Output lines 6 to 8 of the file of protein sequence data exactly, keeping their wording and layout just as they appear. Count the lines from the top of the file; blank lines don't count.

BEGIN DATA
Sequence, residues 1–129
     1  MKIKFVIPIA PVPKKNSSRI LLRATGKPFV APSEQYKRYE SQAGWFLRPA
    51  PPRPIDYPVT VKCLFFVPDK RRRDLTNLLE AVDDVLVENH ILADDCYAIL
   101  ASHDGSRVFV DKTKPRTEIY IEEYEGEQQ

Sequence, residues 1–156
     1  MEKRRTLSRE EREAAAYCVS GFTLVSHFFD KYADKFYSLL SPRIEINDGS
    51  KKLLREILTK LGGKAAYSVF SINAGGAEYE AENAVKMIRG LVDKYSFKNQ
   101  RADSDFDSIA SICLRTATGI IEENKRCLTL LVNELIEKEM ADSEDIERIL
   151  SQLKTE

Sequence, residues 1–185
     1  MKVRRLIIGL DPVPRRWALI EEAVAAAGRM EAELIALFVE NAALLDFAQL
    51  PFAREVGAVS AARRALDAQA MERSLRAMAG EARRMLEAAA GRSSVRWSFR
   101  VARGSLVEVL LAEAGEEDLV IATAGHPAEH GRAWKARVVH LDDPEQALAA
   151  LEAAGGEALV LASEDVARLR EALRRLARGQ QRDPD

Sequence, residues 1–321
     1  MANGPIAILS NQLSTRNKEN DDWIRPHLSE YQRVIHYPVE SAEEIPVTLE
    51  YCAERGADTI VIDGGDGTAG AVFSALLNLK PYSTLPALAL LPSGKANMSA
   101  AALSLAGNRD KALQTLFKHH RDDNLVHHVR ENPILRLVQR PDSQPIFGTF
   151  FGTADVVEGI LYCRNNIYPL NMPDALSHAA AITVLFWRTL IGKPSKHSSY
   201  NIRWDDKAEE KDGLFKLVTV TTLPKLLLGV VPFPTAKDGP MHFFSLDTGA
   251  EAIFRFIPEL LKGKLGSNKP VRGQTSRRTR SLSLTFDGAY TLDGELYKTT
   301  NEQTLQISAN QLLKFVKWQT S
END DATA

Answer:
     1  MEKRRTLSRE EREAAAYCVS GFTLVSHFFD KYADKFYSLL SPRIEINDGS
    51  KKLLREILTK LGGKAAYSVF SINAGGAEYE AENAVKMIRG LVDKYSFKNQ
   101  RADSDFDSIA SICLRTATGI IEENKRCLTL LVNELIEKEM ADSEDIERIL